The heady mixture of near-infinite scalability, a market that lacks geographic borders, and strong network effects means that once a company becomes a de facto platform, it’s hard to control and even harder to dislodge. “We could be creating companies that are bigger than Standard Oil,” Galbraith says. “We don’t know yet, but it’s possible. And these giant platform companies create ecosystems around them.”
It’s these mega-platforms, the three above all from the US, which Europe is lacking. And the absence of any such behemoths has a serious impact on the ability of the continent to influence its own destiny.
The valley on top of the world
Take Google. The ubiquitous search engine is currently in the midst of multiple uncomfortable squabbles with European regulators.
It’s being investigated on antitrust grounds by the EU’s competition commission, to see if it unfairly promotes its own shopping search service and whether it artificially limits the rights of handset manufacturers to make their own “forked” versions of its Android operating system.
At the same time, it’s dealing with the fallout of the ECJ’s ruling that Europeans have a “right to be forgotten” and can request the removal of “inadequate, irrelevant or no longer relevant” information from search results. That right has been applied on a country-by-country basis, but in July this year, France tried to push it further, requiring the company to remove offending entries on all its domains.
Google said “non”. “As a matter of principle, we respectfully disagree with the idea that a national data protection authority can assert global authority to control the content that people can access around the world,” said a spokesperson. “We believe that no single country should have the authority to control what content someone in a second country can access,” added the company’s global privacy counsel, Peter Fleischer.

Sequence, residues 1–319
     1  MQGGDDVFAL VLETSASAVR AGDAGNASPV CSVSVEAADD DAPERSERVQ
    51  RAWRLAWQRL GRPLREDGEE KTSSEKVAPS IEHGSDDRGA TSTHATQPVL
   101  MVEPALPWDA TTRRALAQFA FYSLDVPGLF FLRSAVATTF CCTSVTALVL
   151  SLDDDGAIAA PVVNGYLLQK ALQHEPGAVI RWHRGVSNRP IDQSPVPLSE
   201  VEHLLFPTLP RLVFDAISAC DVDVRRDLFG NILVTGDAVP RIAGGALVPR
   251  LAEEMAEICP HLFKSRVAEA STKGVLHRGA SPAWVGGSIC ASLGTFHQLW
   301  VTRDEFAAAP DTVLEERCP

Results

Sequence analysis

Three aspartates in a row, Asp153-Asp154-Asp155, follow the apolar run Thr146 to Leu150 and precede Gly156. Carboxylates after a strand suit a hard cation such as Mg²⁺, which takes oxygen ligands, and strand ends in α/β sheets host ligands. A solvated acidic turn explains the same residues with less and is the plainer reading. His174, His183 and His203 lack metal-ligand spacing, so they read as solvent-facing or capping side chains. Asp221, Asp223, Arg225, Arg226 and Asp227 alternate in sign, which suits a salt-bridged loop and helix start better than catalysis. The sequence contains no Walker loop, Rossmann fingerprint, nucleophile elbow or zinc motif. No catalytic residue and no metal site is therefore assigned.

Except, of course, if that country is the US. Google’s global index is policed using US copyright law, and receives a thousand times as many requests under those laws as it does under the right to be forgotten – and grants more than 95% of them, compared to the 41% it has granted for privacy requests. The world’s biggest search engine is based in the US, and that gives the US the power to dictate copyright law to the world.
At the other end of the spectrum is China. The state has managed to build its own web firms at a scale that rivals that of Google and Facebook. For all the West hears about firms such as “China’s Google”, Baidu, and “China’s WhatsApp”, WeChat”, the comparisons underplay the dominance of those groups domestically.
But it is tricky to pinpoint lessons for Europe from Baidu, Tencent and Sina. The firms achieved astronomical success in a short period of time, but did so in a pocket of the internet walled off from the wider world. The Great Firewall has been terrible for Chinese netizens seeking an uncensored internet, but very good for a few domestic entrepreneurs freed from international competition.